Michelle Covi - Board Member
My first encounter with a salt marsh was on a field trip with the Chesapeake Bay Foundation. Having grown up in the city of Baltimore and learning to sail in the Inner Harbor, I was more familiar with concrete and urban riparian pocket parks than the marsh fringes of the Chesapeake Bay, but I was drawn to the landscape- the soft mud and life within. As a student of biology and geology, I studied coastal environments of the past in the rocks of New York and Pennsylvania, coral reefs in St. Croix, USVI and two years on Sapelo Island, Georgia studying salt marsh ecology. Family took me to Normal, Illinois, where I taught college classes in biology and environmental science, and served as the executive director of a not-for-profit environmental education organization for nine years. After returning to the east coast, the past seven years I have been working to combine my experience in natural sciences with new skills in social sciences and apply those to climate adaptation and sea level rise challenges. Serving on the Wetlands Watch board provides an opportunity to assist the ongoing excellent work that the organization is doing in wetlands protection and sea level rise adaptation advocacy.
Michelle Covi is an assistant professor of practice in the Ocean, Earth And Atmospheric Sciences Department at Old Dominion University and part of the Virginia Sea Grant extension, addressing climate change and sea level rise adaptation through research and outreach. She has a PhD in Coastal Resources Management from East Carolina University and a master’s degree in Zoology (Marine Science) from University of Georgia.
Photo and summary to be posted shortly
Board Member, Phil Langlais
I have lived the better part of my life in cities on the Atlantic and Pacific oceans - Salem and Beverly, MA., Galveston, TX, Carlsbad and San Diego, CA, and now Norfolk, VA . Attending international conferences as part of my professional activities as a neuroscientist, psychologist and university administrator has taken me to nearly every continent and most countries on the planet. I feel very connected to the oceans, marshes and wetlands and totally resonate with the Buddhist concepts of oneness of self and the environment, impermanence and the immutable nature of energy that permeates and sustains all physical forms on the planet. Serving on the Board of Wetlands Watch has given me the opportunity to work with a wonderful group of individuals who are so dedicated to preserving wetlands, one of our most precious natural resources.
Phil earned a masters degree in neurophysiology from the University of Texas Medical Branch in Galveston, TX and a doctorate in psychology from Northeastern University, Boston, MA. Prior to joining ODU as Vice Provost for Graduate Studies and Research, he spent several years as a professor of neuroscience at UCSD School of Medicine, professor of psychology and Associate Dean of the College of Sciences at San Diego State University.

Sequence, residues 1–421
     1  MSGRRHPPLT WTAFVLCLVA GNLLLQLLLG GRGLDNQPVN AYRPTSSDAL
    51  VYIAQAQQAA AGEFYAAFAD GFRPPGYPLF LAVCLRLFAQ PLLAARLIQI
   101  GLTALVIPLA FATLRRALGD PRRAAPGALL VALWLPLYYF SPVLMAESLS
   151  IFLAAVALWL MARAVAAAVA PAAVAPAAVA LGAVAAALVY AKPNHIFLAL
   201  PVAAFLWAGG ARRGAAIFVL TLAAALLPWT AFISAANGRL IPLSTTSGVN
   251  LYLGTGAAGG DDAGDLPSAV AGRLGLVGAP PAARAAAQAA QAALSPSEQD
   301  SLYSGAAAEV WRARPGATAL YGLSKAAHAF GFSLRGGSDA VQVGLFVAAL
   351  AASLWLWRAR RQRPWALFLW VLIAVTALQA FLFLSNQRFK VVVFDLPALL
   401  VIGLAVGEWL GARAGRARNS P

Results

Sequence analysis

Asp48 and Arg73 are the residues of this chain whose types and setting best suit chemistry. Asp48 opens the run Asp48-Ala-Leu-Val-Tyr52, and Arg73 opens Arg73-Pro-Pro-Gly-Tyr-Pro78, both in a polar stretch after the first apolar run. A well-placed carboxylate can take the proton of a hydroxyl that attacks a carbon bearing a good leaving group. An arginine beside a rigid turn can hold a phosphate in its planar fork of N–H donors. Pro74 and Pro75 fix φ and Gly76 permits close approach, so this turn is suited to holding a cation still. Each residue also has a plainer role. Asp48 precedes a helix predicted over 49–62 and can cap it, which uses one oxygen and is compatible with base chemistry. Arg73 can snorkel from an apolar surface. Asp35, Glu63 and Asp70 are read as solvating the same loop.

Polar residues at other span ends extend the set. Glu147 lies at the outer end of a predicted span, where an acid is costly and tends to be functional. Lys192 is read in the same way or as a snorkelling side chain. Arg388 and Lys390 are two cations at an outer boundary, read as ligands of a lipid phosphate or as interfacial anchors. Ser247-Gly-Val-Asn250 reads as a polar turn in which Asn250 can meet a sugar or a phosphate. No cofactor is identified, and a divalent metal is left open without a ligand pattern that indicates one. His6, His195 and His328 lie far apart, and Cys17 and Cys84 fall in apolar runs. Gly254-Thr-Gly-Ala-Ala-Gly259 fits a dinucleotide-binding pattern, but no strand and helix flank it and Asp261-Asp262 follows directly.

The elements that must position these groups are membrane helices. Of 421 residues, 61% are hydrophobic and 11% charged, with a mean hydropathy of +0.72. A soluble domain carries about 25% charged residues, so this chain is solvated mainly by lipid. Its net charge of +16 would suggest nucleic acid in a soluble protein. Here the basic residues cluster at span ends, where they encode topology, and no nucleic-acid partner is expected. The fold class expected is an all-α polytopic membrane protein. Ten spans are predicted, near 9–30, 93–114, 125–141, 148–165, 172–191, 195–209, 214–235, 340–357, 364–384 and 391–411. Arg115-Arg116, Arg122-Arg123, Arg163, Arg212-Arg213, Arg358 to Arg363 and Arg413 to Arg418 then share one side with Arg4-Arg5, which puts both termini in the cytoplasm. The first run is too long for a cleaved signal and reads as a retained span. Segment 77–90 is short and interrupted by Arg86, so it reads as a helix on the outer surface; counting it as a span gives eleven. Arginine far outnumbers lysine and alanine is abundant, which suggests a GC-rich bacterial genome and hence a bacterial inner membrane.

Carol is working on her bio
Secretary and Founding Member, Jay Taylor
My day job is seeing patients as a clinical psychologist in private practice. I also administer this group practice of 15 clinicians. While that’s been very challenging and gratifying, my work with Wetlands Watch has tested me just as much. I feel passionate about Wetlands Watch, which I helped to found. I’ve served as its president and am now its treasurer.
My involvement in Wetlands Watch grew out of a “backyard issue,” the dredging of Crab Creek, a tributary of the Elizabeth River in Norfolk. I grew up sailing and crabbing on this creek, where my grandparents built their home in 1929. For over 20 years I have lived there with my family, as its tides gently rise and fall. I am rooted to this place and I love it dearly.
At first, I felt violated and desperate to stop the dredging. As I grappled with the problem, though, I learned to be thoughtful as well as passionate about environmental advocacy. Wetlands Watch has taught me to use my head, as well as my heart, to educate the public, challenge the regulators and push for improvement in wetlands protection policy. I’ve learned that two heads are always better than one and that words more softly spoken are usually better heard.
Jay is a clinical psychologist, and is owner/director of Hampton Roads Behavioral Health Services. He was the 2004 recipient of Chesapeake Bay Foundation’s William H. Savedge III Environmental award.